Wednesday, July 9, 2014

The Science of Amtrak Delays

Okay, so a lot of times it's just being stuck waiting for a mile-long cargo train to pass, but sometimes it's more interesting than that!

Expect Delays: Why Trains Slow Down When It's Hot

Tl;dr: train tracks used to have expansion joints and could deal better with extreme temperatures, but the railroad industry found that meant they were harder to maintain and resulted in slower, more uncomfortable rides. Railroad companies got rid of expansion joints in favor of longer sections of track, and while for the most part this had made train travel more efficient and more profitable, it means that the metal rails (prone to expanding when they're hot) do some wacky stuff now that they have no wiggle room:

Trains need to slow down to traverse this bends safely (and presumably to keep from making them worse, since more speed = more friction = more heat).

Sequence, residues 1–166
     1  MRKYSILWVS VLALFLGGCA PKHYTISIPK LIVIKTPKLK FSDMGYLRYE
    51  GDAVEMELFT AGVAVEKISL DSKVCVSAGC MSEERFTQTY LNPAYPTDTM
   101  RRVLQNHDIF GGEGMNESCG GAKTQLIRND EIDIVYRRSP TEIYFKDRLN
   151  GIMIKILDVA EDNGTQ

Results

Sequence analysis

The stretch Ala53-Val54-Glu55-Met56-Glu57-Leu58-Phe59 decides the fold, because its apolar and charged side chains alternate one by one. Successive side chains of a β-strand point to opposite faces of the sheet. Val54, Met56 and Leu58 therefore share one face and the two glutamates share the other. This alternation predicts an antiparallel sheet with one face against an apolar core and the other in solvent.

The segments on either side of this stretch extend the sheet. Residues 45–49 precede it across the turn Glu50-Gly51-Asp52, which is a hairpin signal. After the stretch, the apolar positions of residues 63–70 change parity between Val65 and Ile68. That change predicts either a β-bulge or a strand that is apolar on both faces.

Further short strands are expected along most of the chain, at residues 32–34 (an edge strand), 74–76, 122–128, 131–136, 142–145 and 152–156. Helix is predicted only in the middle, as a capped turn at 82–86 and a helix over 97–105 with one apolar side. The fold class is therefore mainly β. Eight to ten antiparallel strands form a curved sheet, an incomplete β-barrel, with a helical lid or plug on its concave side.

This is relevant to me because I am planning a big cross-country Amtrak ramble in June of 2015, with a large bulk of it through the Southwest. I had always assumed Amtrak delays were because of other trains using the rails (since Amtrak does not own many of the rails it uses, only the trains). I never realized there were other issues inherent with the mode of transportation itself.

This isn't making me rethink my trip, however. I've made generous allowances for delays in my plans, and I look forward to traveling the country in way I haven't really experienced before!

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